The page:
MAY 2019 NEWS IN DEMENTIA​

Next Avenue

 

In an article that looks at the progress made in the last ten years in treatments for Alzheimer’s, it is noted that progress has not been recorded. According to thoughts of many, the lack of funding forced researchers to concentrate all their efforts on what was thought to be the best theory of Alzheimer’s which was that a build-up of beta-amyloid plaques and tangles are the main brain changes in the disease. Efforts to find drugs to combat these plaques has not proven and in fact, companies are pulling back drug development.

 

There is some concentration on lifestyle changes as a means of prevention and a whole host of theories are being looked at for possible testing as funding is increasing. All this while the rate of dementia deaths has more than doubled in the past decade.

 

The Conversation

Alzheimer’s disease: have we got the cause all wrong?

The dominant theory of the cause of Alzheimer’s has rested on beta-amyloid plaque. The clumping together somehow damages the nerve cells in the brain which leads to memory loss and other symptoms. The approach should be straightforward – stop the clumping and you will halt the disease. Unfortunately, this approach has not worked. While drugs have cleared the plaques, the disease has not been eliminated.

In an interesting twist, even while few neuroscientists still subscribe to the view that it’s the beta-amyloid Alzheimer’s disease, at a recent UK conference there was near universal agreement that it is time to separate the concept of Alzheimer’s disease from dementia.  The idea that plaques may exist but that it may not necessarily lead to dementia merely serves to confuse rather than enlighten.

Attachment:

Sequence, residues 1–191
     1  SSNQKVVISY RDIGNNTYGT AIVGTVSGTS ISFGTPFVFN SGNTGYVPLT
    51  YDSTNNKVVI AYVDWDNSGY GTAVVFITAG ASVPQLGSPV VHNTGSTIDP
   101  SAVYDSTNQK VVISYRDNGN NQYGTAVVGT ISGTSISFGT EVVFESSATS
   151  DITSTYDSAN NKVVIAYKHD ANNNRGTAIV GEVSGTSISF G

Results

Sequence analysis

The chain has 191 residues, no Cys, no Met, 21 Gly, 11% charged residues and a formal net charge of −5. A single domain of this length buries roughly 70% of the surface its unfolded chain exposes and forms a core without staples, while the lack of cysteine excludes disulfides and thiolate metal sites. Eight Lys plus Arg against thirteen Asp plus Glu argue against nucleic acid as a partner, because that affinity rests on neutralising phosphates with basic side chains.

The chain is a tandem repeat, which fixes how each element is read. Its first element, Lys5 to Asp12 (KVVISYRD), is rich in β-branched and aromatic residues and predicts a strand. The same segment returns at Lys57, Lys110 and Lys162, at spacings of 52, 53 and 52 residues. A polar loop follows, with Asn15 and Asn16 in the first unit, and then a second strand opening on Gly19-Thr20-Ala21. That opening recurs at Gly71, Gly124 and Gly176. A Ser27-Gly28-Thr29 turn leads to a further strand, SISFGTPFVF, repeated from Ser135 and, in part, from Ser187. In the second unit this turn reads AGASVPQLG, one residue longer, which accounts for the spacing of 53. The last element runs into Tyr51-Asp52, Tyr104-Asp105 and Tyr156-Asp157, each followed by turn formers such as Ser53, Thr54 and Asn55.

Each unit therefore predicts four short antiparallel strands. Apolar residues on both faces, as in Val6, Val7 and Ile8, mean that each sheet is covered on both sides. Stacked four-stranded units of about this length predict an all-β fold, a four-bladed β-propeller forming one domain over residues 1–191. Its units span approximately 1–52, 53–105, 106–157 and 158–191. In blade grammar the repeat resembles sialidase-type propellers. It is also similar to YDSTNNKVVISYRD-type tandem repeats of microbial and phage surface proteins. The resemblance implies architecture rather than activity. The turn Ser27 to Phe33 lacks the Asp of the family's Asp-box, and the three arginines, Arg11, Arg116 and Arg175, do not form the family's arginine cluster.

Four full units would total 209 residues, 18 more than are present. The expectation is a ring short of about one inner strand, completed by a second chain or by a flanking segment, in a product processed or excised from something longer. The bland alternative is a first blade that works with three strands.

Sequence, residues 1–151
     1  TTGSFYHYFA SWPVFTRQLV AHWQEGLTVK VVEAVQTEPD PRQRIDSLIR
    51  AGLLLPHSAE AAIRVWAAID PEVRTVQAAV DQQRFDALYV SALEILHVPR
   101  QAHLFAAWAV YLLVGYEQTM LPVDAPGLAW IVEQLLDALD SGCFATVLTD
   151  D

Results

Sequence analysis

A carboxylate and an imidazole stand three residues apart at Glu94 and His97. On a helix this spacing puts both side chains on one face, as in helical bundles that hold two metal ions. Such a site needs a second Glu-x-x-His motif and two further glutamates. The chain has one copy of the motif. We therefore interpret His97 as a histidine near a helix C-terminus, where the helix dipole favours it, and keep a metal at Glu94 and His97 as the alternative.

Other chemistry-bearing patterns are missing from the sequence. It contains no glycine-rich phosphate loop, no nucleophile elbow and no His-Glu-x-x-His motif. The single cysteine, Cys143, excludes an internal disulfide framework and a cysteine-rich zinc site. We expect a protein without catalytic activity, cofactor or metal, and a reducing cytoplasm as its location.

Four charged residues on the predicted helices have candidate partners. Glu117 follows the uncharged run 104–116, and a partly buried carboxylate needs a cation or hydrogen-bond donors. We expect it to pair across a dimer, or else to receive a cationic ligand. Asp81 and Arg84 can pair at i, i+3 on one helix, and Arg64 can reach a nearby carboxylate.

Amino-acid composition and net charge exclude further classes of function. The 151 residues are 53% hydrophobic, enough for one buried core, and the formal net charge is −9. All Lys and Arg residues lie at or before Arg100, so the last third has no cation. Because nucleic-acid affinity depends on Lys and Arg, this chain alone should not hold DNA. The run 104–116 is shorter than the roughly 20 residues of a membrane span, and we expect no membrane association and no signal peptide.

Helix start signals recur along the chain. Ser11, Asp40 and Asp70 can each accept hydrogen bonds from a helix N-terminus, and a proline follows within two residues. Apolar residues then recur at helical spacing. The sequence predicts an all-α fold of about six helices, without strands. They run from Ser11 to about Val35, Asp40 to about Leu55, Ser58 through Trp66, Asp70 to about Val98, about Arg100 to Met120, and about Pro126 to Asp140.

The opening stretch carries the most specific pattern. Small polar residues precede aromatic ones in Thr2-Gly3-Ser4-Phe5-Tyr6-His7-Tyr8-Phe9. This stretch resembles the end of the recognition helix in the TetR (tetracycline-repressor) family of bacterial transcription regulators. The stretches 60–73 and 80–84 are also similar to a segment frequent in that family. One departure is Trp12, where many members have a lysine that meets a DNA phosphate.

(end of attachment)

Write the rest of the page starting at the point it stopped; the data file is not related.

Journal of the American Medical Association

Results of a recent study suggest that a healthy diet dose not reduce the risk of demntia. There was no marked decrease in the onset of dementia between the 30% of participants who struck to a healthy diet of  fruit, vegetables, whole grains, nuts and legumes along with unsaturated fats and the 30% with a poor diet who regularly consumed red-meat and ate sugar-rich foods. This is an observational study and does not prove cause and effect.

Open Minds:

So what is working?

There is focus on prevention  - aerobic and mental exercise as effective treatments. Opportunities for community based services are essential. Care coordination programs to manage comorbidities are critical. Until there are new pharmaceutical interventions available, it will be up to long term care organizations to serve consumers with dementia.

 

 

 

 

 

COMPASSIONATE, EFFECTIVE, AFFORDABLE CARE